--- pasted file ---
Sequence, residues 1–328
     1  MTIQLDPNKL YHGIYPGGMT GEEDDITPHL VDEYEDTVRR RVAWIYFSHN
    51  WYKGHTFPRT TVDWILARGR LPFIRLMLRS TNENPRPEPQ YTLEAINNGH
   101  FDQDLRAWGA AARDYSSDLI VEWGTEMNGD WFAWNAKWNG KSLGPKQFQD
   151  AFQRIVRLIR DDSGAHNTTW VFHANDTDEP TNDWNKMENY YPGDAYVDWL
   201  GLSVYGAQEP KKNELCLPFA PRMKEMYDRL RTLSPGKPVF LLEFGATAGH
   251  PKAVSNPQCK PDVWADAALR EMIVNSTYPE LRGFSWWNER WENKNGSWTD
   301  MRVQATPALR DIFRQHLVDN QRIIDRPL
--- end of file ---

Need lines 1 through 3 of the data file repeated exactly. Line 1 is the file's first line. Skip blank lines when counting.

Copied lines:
Sequence, residues 1–328
     1  MTIQLDPNKL YHGIYPGGMT GEEDDITPHL VDEYEDTVRR RVAWIYFSHN
    51  WYKGHTFPRT TVDWILARGR LPFIRLMLRS TNENPRPEPQ YTLEAINNGH